Syndicators still see stars

John Walsh is latest big name attached to a new syndicated show

With names like Roseanne, Martin Short, Donny and Marie, and Howie Mandel failing to translate into big numbers in syndication, perhaps syndicators shouldn't still have stars in their eyes. But, with Cybill Shepherd, Caroline Rhea, Leeza Gibbons and Brian Dennehy slated for series (and that was just one week's worth of announcements), they clearly still do.

America's Most Wanted veteran John Walsh has just added his name to the list of upcoming high-profile efforts for 2001. Sources confirm that he is in preliminary negotiations to head up an hour-long, single-issue strip along the lines of Donahue.

This re-embracing of Hollywood isn't a failure to get the message, say observers, but an attempt to refine the strategy.

"Syndicators know better now," says Petry Television's Dick Kurlander. "We've worked ourselves away from just throwing a celebrity up against a wall and expecting it to stick without having some degree of knowledge of what that person is going to do."

Kurlander sees Martin Short as the "ultimate example" of studios' leaping before they look. "Why would someone heavily involved in sketch comedy translate to daytime talk shows?"

One common vein running through several of the new entries is that the stars were attached to shows with formats that were, for the most part, already in place.

Studios USA nabbed Dennehy for the largely fine-tuned Arrest and Trial, Gibbons will step into the going-on-seven-seasons Extra, and Shepherd was added late in the game (as a replacement for Eleanor Mondale) to Columbia Tri-Star's Men Are From Mars, Women Are From Venus. Rhea is still in talks to head up a talk series for Paramount-owned Big Ticket Television for 2001.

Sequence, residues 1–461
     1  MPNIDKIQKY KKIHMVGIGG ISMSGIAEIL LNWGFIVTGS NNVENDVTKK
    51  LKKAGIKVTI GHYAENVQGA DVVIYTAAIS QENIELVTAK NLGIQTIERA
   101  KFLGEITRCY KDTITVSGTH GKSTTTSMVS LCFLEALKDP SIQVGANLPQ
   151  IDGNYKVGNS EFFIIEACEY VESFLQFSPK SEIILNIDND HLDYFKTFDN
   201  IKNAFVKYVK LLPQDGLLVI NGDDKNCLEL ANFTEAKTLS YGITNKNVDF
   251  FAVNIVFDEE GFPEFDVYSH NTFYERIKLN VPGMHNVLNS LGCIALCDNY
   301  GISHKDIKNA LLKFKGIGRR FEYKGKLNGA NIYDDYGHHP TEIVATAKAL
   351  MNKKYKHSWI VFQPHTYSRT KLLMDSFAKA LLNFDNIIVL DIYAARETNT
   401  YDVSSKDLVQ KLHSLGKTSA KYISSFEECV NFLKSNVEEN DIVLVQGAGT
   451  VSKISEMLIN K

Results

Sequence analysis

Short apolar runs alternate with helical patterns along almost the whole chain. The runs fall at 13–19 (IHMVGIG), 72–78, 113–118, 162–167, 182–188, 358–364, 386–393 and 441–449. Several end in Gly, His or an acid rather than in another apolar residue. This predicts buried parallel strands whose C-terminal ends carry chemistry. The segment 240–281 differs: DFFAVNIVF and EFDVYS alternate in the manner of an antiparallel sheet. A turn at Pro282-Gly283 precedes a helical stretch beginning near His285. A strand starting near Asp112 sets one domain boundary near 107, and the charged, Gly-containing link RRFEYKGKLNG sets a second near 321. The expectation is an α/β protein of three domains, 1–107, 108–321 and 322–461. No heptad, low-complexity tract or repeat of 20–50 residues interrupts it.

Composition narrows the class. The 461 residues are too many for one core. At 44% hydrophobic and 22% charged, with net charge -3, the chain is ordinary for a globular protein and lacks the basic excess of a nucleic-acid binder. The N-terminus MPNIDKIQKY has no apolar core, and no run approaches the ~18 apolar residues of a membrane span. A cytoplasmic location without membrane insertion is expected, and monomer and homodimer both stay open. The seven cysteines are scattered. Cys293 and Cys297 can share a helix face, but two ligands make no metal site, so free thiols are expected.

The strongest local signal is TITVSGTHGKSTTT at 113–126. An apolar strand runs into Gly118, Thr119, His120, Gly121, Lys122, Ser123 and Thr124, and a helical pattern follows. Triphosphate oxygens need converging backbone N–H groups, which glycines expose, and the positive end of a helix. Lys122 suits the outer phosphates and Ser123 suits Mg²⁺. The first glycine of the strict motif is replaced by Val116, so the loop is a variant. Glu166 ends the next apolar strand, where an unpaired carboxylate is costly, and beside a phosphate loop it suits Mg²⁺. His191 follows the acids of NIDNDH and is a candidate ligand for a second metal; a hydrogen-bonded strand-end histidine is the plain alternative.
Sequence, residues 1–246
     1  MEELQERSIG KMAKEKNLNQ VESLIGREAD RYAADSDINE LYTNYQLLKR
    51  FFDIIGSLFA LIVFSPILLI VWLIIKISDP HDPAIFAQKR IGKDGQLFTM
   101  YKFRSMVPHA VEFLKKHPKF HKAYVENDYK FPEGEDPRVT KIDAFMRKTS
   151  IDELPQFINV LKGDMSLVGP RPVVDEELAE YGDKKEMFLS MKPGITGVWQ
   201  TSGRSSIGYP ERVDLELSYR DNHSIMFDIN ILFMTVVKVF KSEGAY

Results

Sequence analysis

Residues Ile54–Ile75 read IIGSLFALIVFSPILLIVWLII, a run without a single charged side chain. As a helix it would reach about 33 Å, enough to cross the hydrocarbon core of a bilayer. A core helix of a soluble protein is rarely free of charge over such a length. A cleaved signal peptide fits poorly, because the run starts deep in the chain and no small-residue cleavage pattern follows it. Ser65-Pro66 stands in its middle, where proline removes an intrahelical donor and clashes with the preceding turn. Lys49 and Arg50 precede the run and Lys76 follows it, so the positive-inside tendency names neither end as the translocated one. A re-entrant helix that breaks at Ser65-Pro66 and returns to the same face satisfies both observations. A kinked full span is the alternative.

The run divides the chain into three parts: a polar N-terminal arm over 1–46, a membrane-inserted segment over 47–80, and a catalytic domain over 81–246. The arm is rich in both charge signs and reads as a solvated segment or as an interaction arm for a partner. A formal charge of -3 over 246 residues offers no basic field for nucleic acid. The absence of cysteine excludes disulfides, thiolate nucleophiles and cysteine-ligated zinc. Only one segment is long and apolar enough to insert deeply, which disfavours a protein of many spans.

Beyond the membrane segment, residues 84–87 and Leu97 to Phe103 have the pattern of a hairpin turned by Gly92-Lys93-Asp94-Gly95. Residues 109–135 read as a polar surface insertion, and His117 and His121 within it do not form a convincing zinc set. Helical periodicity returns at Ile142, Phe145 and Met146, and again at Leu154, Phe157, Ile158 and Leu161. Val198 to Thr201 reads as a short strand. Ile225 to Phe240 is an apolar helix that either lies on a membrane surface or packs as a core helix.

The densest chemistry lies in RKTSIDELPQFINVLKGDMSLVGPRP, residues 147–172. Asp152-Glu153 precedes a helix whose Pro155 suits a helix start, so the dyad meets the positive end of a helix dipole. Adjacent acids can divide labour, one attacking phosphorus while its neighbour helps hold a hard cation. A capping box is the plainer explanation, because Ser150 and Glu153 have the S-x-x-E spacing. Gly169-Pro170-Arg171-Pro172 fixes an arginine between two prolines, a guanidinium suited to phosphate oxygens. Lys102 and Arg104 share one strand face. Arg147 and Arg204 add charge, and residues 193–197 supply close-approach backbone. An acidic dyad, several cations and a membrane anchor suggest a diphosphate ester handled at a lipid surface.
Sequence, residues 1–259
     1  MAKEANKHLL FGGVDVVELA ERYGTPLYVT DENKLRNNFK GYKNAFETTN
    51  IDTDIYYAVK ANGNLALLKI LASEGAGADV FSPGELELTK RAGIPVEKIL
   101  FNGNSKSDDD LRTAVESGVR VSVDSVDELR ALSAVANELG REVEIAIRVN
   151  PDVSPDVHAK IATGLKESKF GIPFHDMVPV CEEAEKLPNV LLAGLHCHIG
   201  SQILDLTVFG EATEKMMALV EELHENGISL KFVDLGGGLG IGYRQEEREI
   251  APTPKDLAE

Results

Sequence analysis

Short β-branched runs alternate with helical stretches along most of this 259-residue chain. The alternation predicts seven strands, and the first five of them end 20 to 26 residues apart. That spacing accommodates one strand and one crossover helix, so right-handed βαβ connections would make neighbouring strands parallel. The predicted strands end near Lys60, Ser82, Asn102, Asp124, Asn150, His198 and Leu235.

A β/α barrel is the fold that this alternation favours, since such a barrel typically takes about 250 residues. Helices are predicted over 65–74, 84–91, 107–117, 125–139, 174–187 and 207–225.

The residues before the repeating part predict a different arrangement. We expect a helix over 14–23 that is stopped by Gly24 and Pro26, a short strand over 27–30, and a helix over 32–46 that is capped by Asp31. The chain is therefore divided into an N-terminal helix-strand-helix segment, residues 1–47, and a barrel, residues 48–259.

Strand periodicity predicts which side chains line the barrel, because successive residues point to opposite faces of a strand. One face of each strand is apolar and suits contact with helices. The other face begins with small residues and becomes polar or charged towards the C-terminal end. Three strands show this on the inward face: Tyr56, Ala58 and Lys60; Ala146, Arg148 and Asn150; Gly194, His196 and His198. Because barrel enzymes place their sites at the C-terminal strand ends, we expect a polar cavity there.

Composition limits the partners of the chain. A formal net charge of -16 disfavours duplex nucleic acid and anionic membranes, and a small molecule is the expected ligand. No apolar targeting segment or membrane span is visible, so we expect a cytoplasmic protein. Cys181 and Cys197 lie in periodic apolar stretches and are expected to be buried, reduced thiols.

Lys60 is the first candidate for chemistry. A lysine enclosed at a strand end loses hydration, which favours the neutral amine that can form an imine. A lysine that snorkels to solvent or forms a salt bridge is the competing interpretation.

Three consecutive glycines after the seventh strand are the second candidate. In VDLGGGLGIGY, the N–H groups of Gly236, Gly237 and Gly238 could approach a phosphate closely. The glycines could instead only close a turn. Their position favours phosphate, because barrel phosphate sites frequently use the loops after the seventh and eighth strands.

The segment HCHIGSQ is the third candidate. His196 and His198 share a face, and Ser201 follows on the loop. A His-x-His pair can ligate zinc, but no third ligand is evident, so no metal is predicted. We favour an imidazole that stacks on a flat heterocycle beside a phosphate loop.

In contrast, studio executives behind the crop of failed or faltering syndicated series "got caught up in the belief that, because Rosie O'Donnell was successful, so will other stars. But it doesn't happen that way," says Katz Media's Bill Carroll.

Hoping to avoid past pitfalls, Walsh's untitled project will expand on America's Most Wanted's regular "survival school" feature, which provides solutions to real-life, dangerous circumstances. The show is being pitched to Telepictures, Buena Vista and Columbia, among others.

Established storylines aside, "a recognizable name helps in all forms of entertainment," says Carroll. "How do you think they open movies? Or how do they decide who gets to appear on Broadway?"

Still, a diva mentality (or the masculine equivalent thereof) can derail projects.

"The biggest problem that we've seen over the years is that, if you hire a big-name talent to do a talk show and then also let them be executive producer, that's the kiss of death, usually," says Kurlander. "A star can certainly have a vital role on the show [àla Gibbons' executive- consulting gig on Extra], but, when they have total control, it's usually a disaster."